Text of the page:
Japan..real consumer spending dropped 2.5% yoy in November. While this was less than the 4.0% fall in October, this still marked the eighth straight month that real consumer spending has dropped yoy since the consumption tax hike....
Real disposable income of workers’ households in November slid 3.9% yoy, declining further from a -2.4% yoy decline in October. On a seasonally adjusted basis, real disposable income came in at -1.3% (October: +3.1%). The continuous yoy decline in real income and its instability is restraining household spending. ...
real wages (nominal wages less the CPI inflation) came in at -4.3% yoy (October: -3.0%), as the extent of the decline widened in step with the fall in nominal wages. This was the largest decline since the 4.8% recorded in December 1998. That's right: Abenomics is now responsible for the biggest drop in Japanese wages on record....
Japan’s inflation slowed for a fourth month in November, and industrial production and retail sales unexpectedly dropped, pointing to further weakness in an economy Prime Minister Abe is trying to revive from recession
In energy markets, oil prices rose modestly as dealers reacted to a surprise Islamist attack on Libya's main oil terminals that left 22 soldiers dead. Since fresh clashes between government forces and the jihadists erupted on December 13, Libya's oil production has dropped to nearly 350,000 barrels per day compared with 800,000 previously, according to industry experts.
2--Russia says ruble crisis over as reserves dive, inflation climbs, Reuters
Those measures included a hike in interest rates to 17 percent from 10.5 percent, curbs on grain exports and informal capital controls.
"The key rate was raised in order to stabilize the situation on the currency market. ... That period has already, in our opinion, passed. The rouble is now strengthening," Finance Minister Anton Siluanov told the upper house of parliament on Thursday.
He added that interest rates would be lowered if the situation remained stable.
Standard & Poor's credit ratings agency said this week it could downgrade Russia to junk as soon as January due to a rapid deterioration in "monetary flexibility".
Keen to avert a downgrade, Russia said it had started talks with ratings agencies to explain the government's actions. Siluanov said the budget deficit next year would be "significantly more" than the 0.6 percent of gross domestic product originally planned.
The ruble slumped to 80 per dollar in mid-December from an average of 30-35 in the first half of 2014. It has strengthened in the last few days to trade as strong as 52 per dollar on Thursday, in part thanks to government pressure on exporters to sell hard currency.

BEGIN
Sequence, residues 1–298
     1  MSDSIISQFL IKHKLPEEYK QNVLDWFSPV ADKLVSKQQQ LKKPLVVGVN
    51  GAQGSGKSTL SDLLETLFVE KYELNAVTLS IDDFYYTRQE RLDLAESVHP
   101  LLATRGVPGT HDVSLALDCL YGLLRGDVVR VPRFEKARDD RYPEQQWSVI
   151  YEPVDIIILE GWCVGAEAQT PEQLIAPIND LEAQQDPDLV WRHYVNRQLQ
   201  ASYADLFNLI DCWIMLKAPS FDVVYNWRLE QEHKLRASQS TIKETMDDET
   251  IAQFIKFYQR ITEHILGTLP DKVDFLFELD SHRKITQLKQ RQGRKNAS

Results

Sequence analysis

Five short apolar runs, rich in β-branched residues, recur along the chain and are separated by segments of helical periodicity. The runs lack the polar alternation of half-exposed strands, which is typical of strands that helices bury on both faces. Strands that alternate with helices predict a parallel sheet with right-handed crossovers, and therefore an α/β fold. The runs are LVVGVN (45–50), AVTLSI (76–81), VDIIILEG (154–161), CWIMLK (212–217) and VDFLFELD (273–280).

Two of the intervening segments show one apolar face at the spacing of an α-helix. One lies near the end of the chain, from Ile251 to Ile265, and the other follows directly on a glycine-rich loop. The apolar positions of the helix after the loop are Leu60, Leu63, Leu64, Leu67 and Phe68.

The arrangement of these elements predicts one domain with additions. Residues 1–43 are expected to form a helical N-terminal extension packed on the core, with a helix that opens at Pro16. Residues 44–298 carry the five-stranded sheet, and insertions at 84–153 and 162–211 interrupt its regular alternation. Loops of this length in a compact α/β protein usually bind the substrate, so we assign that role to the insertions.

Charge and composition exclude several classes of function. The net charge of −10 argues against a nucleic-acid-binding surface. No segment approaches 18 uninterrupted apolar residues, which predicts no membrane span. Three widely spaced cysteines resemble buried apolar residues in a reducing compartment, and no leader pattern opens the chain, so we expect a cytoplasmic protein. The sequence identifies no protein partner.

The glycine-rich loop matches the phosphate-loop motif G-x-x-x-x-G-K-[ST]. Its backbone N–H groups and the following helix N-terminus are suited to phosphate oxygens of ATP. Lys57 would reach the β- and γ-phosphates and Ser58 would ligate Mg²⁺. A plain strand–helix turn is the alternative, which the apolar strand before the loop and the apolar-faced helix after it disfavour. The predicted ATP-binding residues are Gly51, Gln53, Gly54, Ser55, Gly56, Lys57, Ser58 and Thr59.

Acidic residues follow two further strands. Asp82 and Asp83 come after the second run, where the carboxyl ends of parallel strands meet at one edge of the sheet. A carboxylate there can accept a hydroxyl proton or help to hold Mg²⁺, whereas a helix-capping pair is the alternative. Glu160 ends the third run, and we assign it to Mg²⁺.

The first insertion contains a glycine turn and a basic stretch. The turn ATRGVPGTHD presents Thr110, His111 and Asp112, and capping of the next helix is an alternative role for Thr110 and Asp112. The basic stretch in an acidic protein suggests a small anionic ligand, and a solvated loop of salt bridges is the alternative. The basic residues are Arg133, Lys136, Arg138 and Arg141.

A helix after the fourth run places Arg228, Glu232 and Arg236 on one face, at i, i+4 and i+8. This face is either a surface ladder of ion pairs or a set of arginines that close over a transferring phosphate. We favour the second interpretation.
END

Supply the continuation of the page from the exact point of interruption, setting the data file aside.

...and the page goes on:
Russians have tracked the exchange rate closely since the collapse of the Soviet Union, when hyper-inflation wiped out their savings over several years in the early 1990s. The central bank had to spend heavily in recent months to prop the currency.
Last week, Russia's gold and foreign currency reserves dropped by as much as $15.7 billion to below $400 billion for the first time since August 2009 and down from over $510 billion at the start of the year...
But he added that the bank had seen depositors returning in large numbers after most lenders ramped up their deposit rates, some offering as much as 20 percent in annual interest.
3--Trouble in Libya sends oil higher, Reuters
Oil edged further above $60 a barrel on Friday as unrest in Libya cut supplies, offsetting a growing supply glut in top consumer the United States and weak imports by Japan.
Fighting in Libya has cut output there to 352,000 barrels a day, a state oil company spokesman said on Thursday, or about half November's average. This countered the U.S. Department of Energy's (DOE) report showing a big stockbuild
4---Russia's South Stream move empowers Turkey, al monitor
The idea to empower other crucial regional states to create a multipolar world has long been on Russia's global agenda, and it has recently signed milestone deals with China, Turkey and India during visits by President Vladimir Putin......
The calculations were by no means emotional. In its original form, the South Stream was going to be an extremely costly, technically complicated project engaging too many states with diverging policies and interests. By "outsourcing" the project to Turkey, Moscow is making the Europeans deal with Ankara — a much tougher negotiator....
With several crucial pipelines running through Turkish territory, including those from the Caspian basin, it is Turkey that is now becoming an energy superpower without having vast energy resources itself. If the deals to increase supply to Europe by purchasing gas from Iran and Iraqi Kurdistan go through, Turkey will be Europe’s primary energy hub. In fact, it will cover the whole southern flank, accumulating energy resources from Russia, Central Asia and the Middle East. This will make Turkish influence on the European energy market equal to that of Saudi Arabia on the global one....